Pawel Pawlikowski has been lying low since he made the terrific My Summer of Love in 2004. The Woman in the Fifth indicates a new tenor in his work, and I wish I could say it enhances his reputation.
Adapted from the novel by Douglas Kennedy, it shapes up as a realistic drama before making a knight's-move into an identity conundrum. Ethan Hawke plays Tom, an American writer having a bad time in Paris: his estranged wife won't let him see their six-year-old daughter, and he's just had his suitcase stolen. Without a sou to his name, he blags a room in a cheap hotel, and via the proprietor takes on a mysterious security job.
Paris has seldom looked as drab as it does here, all grey dishwater skies and concrete walkways to nowhere. Tom, mooning about the city like a ghost, sways between the attentions of Kristin Scott Thomas's elegant literary translator and Joanna Kulig's kindly Polish waitress. "I feel like the real me is somewhere else," he says. "The me that's here is a sad double."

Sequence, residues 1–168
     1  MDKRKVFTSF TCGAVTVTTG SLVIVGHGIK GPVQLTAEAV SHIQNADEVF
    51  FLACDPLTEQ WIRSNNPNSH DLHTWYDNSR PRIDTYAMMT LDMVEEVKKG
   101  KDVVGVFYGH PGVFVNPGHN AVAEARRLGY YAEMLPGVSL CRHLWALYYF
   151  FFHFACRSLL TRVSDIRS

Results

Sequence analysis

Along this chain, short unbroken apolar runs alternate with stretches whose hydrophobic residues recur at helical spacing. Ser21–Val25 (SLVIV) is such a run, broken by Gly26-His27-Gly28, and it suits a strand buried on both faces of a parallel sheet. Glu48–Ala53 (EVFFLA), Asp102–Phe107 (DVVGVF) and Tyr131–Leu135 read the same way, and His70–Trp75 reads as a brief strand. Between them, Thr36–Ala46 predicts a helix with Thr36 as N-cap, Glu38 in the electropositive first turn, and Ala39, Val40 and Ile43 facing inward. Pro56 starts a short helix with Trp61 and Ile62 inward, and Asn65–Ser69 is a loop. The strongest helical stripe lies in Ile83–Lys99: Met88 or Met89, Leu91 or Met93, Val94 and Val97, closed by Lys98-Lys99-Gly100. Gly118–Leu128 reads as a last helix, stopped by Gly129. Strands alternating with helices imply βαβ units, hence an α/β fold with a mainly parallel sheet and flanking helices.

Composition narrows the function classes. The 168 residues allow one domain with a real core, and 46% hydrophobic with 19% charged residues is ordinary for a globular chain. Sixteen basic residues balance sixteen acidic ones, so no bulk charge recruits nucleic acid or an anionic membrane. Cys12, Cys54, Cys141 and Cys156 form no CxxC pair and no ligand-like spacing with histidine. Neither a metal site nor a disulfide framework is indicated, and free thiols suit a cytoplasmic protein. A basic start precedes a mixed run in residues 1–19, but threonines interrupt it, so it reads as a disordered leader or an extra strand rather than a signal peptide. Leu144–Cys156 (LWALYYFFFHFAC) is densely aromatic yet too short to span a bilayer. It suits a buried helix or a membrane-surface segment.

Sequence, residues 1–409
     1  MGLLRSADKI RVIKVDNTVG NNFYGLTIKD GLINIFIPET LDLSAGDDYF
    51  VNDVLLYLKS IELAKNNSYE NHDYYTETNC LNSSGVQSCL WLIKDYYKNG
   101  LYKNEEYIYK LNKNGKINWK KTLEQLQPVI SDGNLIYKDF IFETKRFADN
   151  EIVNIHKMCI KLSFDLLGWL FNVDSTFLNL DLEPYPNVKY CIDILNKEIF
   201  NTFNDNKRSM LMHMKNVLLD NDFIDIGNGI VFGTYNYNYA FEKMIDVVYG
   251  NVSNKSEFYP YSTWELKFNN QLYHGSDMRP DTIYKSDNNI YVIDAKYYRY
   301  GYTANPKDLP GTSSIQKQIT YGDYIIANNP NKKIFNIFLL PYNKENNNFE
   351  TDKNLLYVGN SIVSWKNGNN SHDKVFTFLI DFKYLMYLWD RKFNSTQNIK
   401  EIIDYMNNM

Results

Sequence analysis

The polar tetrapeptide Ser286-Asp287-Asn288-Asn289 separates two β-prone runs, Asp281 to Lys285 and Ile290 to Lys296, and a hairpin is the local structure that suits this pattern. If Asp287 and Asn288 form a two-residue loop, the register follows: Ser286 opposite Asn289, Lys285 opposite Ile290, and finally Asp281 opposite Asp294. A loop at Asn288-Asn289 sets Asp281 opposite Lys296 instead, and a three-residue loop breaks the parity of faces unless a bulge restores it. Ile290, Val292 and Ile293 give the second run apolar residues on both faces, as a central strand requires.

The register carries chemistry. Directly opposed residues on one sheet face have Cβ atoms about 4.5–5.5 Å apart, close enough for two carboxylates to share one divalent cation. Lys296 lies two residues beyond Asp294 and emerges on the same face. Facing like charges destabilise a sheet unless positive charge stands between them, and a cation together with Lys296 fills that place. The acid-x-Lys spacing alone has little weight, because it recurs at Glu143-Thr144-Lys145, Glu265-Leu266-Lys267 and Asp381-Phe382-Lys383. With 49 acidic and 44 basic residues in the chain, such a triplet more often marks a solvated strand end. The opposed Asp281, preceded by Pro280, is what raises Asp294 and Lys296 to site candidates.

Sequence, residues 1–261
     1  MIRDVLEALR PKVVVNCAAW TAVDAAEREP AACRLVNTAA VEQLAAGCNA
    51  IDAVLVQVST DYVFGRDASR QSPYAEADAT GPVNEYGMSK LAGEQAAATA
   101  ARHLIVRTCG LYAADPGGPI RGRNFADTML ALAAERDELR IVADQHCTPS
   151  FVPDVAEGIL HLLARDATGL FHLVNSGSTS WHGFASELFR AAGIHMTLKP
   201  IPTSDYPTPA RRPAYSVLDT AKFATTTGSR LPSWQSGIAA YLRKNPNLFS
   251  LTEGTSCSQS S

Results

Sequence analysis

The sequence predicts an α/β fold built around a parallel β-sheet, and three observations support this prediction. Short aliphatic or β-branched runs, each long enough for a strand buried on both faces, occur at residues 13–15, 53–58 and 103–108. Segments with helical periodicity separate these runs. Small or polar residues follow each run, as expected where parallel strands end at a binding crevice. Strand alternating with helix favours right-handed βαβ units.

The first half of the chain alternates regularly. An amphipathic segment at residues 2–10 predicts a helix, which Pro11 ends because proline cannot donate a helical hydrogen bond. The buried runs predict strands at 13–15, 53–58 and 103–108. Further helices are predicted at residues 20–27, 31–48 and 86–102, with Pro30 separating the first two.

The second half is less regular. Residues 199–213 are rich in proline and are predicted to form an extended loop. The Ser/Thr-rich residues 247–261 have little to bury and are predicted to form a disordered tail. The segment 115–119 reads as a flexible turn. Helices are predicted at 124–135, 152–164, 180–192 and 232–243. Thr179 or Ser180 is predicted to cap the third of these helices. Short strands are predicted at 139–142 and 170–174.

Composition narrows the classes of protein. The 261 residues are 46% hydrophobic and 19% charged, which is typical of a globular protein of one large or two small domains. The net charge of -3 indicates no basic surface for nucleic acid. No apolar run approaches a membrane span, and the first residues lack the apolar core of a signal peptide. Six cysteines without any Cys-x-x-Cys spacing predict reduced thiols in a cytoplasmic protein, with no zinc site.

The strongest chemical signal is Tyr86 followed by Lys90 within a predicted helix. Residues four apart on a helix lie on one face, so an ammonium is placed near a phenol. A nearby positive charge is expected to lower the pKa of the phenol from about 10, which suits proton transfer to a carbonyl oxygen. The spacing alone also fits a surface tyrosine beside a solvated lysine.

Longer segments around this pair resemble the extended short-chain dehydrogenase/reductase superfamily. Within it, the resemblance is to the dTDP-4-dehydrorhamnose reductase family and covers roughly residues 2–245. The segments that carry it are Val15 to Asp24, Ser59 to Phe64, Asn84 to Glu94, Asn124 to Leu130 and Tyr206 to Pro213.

So what exactly is going on? Has Tom done in the lout next door for not flushing the communal loo? Do they really charge for drinks at Parisian literary soirées? The film, seemingly poised for revelation, begins to fold in on itself, its narrative boobytraps mistimed and muddling.
The prospective thriller stalls, and we're left to wonder how much of the intrigue is for real, and how much is in Tom's head. Hawke, so good as the American in Paris of Before Sunset, makes an unhappy return here – even for a writer he looks vague and even a bit gormless. Scott Thomas's part, a mere cartoon of chic, is unworthy of her. It's all quite a disappointment.